© Silvia Ros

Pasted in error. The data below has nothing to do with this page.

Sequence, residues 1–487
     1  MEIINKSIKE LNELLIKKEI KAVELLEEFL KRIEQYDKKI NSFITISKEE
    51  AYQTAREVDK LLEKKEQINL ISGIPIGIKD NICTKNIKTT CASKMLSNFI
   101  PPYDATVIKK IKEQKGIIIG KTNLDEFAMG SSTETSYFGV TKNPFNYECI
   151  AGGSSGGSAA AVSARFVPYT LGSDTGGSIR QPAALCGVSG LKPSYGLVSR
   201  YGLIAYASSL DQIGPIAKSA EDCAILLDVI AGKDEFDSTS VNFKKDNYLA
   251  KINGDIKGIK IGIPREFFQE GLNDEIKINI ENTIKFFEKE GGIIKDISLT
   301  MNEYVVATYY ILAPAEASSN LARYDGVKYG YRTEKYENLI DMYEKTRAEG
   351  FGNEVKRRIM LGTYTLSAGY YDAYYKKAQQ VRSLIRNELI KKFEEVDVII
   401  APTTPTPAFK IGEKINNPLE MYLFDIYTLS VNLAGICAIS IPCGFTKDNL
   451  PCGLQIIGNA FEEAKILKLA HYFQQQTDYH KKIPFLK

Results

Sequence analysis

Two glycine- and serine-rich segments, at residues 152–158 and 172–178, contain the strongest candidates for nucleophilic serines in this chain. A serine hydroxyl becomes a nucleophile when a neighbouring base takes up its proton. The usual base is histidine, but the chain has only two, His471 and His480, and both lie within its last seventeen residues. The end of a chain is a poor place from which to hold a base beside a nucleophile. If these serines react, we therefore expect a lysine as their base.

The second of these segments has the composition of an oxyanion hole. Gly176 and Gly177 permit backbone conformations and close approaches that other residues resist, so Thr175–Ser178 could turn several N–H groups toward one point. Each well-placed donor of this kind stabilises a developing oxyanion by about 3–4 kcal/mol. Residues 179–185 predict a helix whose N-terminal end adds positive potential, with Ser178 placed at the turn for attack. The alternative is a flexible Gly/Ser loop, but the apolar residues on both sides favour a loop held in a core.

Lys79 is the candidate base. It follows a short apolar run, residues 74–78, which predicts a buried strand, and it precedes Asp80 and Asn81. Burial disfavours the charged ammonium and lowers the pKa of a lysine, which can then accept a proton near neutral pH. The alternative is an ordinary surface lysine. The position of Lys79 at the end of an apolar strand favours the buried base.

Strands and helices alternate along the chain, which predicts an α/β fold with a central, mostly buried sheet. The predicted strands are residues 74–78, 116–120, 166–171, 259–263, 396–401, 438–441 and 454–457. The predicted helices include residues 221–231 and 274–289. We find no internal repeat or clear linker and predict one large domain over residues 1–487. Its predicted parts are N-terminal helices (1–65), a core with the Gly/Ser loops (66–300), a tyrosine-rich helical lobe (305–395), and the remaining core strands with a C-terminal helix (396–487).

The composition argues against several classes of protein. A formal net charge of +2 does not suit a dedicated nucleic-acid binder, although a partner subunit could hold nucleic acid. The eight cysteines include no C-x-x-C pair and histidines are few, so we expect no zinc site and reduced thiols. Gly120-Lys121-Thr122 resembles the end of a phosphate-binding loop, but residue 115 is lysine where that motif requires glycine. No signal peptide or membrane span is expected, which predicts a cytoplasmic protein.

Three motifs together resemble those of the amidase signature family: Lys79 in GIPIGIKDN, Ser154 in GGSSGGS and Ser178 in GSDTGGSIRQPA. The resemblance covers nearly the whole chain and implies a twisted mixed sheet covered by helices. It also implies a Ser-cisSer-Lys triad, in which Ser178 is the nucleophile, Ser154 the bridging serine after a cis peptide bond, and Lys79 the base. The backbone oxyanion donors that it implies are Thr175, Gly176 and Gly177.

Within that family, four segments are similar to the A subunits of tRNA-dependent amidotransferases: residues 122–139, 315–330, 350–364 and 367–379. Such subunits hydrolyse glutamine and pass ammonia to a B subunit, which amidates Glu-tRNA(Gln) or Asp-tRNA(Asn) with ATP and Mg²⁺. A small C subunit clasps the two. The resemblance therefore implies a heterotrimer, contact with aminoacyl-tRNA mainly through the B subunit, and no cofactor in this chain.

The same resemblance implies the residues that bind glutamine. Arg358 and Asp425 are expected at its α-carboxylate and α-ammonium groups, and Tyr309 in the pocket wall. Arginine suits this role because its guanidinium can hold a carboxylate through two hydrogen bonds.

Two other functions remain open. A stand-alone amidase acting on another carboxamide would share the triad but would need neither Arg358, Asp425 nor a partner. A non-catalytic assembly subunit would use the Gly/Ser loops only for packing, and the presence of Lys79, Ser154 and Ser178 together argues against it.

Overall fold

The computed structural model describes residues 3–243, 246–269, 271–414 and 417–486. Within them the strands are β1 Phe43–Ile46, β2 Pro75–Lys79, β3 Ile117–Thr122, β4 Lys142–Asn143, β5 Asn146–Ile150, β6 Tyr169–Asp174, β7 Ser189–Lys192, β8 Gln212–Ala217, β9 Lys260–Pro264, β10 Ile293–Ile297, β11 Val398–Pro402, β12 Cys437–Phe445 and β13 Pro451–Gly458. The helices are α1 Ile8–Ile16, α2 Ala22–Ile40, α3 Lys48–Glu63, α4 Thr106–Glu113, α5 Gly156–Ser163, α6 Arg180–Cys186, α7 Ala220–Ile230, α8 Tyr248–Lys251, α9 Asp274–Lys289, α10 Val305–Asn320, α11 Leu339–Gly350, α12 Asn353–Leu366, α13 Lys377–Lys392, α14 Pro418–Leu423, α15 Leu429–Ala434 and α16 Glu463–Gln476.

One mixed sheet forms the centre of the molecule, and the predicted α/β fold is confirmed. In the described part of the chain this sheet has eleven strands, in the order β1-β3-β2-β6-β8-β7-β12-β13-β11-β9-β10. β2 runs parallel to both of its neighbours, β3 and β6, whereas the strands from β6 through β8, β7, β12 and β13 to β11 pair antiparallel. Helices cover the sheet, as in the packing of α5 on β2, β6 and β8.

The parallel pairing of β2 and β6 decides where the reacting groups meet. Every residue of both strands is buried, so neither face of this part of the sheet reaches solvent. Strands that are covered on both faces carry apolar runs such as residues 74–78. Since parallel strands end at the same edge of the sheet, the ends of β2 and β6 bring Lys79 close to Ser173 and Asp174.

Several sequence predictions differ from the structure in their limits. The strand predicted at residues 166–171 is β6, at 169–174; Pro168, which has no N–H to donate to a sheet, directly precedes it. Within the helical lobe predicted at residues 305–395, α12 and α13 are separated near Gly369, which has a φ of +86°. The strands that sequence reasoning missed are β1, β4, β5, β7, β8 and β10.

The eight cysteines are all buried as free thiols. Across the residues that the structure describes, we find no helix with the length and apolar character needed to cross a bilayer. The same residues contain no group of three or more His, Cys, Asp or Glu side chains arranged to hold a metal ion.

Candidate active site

Located on exclusive Fisher Island, the Vanderbilt Estate is a magnificent example of the Spanish Revival architecture popular throughout South Florida in the late 1920’s. In 1925, after vacationing several winters in the Miami Beach area, William Kissam Vanderbilt II traded a luxury yacht to Carl C. Fisher for ownership of the island. Renowned architect Maurice Fatio was retained to design the home, completed in 1940. Constructed at a cost of approximately $1.5M, the estate included the nineteen bedroom main house, guest cottages, servant quarters, a pool house, golf course, tennis court, swimming pool, fire house, pump house and an airplane hangar for Vanderbilt’s seaplane. The dock was custom designed to fit Vanderbilt’s 264’ yacht, nicknamed the floating Mansion. The home was designated historic by Miami-Dade County in 1987. Today the estate serves as the home of the Fisher Island Club. R.J. Heisenbottle Architects provided full architectural and engineering services to complete the restoration of the historic mansion including the bronze windows and doors, new barrel tile roof, structural and decorative stone repairs, new mechanical, electrical, plumbing and fire protection systems. Interior work consisted of a new banquet kitchen and the restoration of Mr. Vanderbilt’s living room, dining room and bedroom. RJHA has also designed the addition of new hotel reception offices, and club offices, fitting these seamlessly with the historic structure, while allowing the estate to better meet the needs of its current function as a private club.